Obsessive-Compulsive Disorder: When Unwanted Thoughts or Repetitive Behaviors Take Over
What is OCD?
Obsessive-compulsive disorder (OCD) is a long-lasting disorder in which a person experiences uncontrollable and recurring thoughts (obsessions), engages in repetitive behaviors (compulsions), or both. People with OCD have time-consuming symptoms that can cause significant distress or interfere with daily life. However, treatment is available to help people manage their symptoms and improve their quality of life.
What are the signs and symptoms of OCD?
People with OCD may have obsessions, compulsions, or both. Obsessions are repeated thoughts, urges, or mental images that are intrusive, unwanted, and make most people anxious. Common obsessions include:
- Fear of germs or contamination
- Fear of forgetting, losing, or misplacing something
- Fear of losing control over one’s behavior
- Aggressive thoughts toward others or oneself
- Unwanted, forbidden, or taboo thoughts involving sex, religion, or harm
- Desire to have things symmetrical or in perfect order
Compulsions are repetitive behaviors a person feels the urge to do, often in response to an obsession. Common compulsions include:
- Excessive cleaning or handwashing
- Ordering or arranging items in a particular, precise way
- Repeatedly checking things, such as that the door is locked or the oven is off
- Compulsive counting
- Praying or repeating words silently
Recognizing OCD: How to know if your symptoms are OCD
Everyone rethinks or double-checks things sometimes. Not all repeated thoughts are obsessions, and not all rituals or habits are compulsions. However, people with OCD generally:
- Can’t control their obsessions or compulsions, even when they know they’re excessive.
- Spend more than 1 hour a day on their obsessions or compulsions.
- Don’t get pleasure from their compulsions but may feel temporary relief from their anxiety.
- Experience significant problems in daily life due to these thoughts or behaviors.
Some people with OCD also have a tic disorder involving repetitive movements or sounds. Motor tics are sudden, brief, repetitive movements, such as eye blinking and other eye movements, facial grimacing, shoulder shrugging, and head or shoulder jerking. Vocal tics include things like repetitive throat-clearing, sniffing, or grunting sounds. It is common for people with OCD to also have a diagnosed mood disorder or anxiety disorder.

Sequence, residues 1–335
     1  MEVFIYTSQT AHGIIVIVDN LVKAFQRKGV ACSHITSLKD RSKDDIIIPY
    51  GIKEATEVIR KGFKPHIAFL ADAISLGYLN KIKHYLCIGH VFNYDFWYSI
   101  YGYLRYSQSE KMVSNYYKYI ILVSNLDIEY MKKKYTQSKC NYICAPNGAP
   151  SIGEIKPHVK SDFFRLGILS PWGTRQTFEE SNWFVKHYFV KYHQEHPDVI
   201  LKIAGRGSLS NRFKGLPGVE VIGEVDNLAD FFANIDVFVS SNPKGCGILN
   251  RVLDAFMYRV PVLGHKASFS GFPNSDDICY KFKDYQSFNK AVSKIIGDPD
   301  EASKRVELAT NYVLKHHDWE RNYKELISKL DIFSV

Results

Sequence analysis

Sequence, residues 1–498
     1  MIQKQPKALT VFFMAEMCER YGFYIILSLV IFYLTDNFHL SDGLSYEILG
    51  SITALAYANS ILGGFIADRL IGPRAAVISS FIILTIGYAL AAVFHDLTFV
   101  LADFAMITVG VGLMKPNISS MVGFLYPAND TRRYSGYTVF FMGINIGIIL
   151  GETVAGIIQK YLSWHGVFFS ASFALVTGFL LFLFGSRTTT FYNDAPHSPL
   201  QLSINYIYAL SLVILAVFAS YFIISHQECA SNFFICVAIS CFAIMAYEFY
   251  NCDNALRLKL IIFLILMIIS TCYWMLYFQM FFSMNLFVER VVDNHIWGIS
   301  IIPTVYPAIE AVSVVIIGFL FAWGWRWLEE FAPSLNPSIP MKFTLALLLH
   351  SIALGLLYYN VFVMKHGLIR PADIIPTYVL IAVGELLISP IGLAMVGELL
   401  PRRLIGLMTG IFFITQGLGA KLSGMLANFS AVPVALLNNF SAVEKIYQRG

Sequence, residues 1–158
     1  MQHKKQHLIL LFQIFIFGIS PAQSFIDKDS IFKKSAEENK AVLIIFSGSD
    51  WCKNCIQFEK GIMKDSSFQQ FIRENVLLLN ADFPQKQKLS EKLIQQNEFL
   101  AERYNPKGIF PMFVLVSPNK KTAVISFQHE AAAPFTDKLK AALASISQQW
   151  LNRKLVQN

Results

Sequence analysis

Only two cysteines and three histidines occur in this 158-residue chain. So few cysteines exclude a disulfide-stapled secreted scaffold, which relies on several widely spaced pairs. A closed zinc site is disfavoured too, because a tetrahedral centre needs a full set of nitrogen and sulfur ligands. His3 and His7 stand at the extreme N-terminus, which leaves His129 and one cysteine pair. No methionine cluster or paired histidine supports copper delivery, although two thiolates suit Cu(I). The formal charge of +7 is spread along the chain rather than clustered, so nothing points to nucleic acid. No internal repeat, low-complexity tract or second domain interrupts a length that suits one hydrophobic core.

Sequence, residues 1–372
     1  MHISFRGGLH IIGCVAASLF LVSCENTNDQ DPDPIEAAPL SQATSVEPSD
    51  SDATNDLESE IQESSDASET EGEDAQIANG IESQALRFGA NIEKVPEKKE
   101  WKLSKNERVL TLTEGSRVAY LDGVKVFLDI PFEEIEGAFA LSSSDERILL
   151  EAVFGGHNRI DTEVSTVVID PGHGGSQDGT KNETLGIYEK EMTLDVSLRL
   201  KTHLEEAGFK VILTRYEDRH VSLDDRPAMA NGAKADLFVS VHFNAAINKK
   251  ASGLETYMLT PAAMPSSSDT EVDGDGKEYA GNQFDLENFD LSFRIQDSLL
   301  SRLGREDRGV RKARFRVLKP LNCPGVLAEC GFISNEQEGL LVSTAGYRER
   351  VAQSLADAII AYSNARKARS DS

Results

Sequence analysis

OCD symptoms may begin anytime but usually start between late childhood and young adulthood. Most people with OCD are diagnosed as young adults.
The symptoms of OCD may start slowly and can go away for a while or worsen as time passes. During times of stress, the symptoms often get worse. A person’s obsessions and compulsions also may change over time.
People with OCD might avoid situations that trigger their symptoms or use drugs or alcohol to cope. Many adults with OCD recognize that their compulsive behaviors do not make sense. However, children may not realize that their behavior is out of the ordinary and often fear that something terrible will happen if they do not perform certain compulsive rituals. Parents or teachers typically recognize OCD symptoms in children.
If you think you or your child may have OCD, talk to a health care provider. If left untreated, OCD symptoms can become severe and interfere with daily life.
What are the risk factors for OCD?
Although the exact causes of OCD are unknown, various risk factors increase the chances of developing the disorder.
- Genetics: Studies have shown that having a first-degree relative (parent or sibling) with OCD is associated with an increased chance of developing the disorder. Scientists have not identified any one gene or set of genes that definitively leads to OCD, but studies exploring the connection between genetics and OCD are ongoing.
- Biology: Brain imaging studies have shown that people with OCD often have differences in the frontal cortex and subcortical structures of the brain, areas of the brain that impact the ability to control behavior and emotional responses. Researchers also have found that several brain areas, brain networks, and biological processes play a key role in obsessive thoughts, compulsive behavior, and associated fear and anxiety. Research is underway to better understand the connection between OCD symptoms and parts of the brain. This knowledge can help researchers develop and adapt treatments targeted to specific brain locations.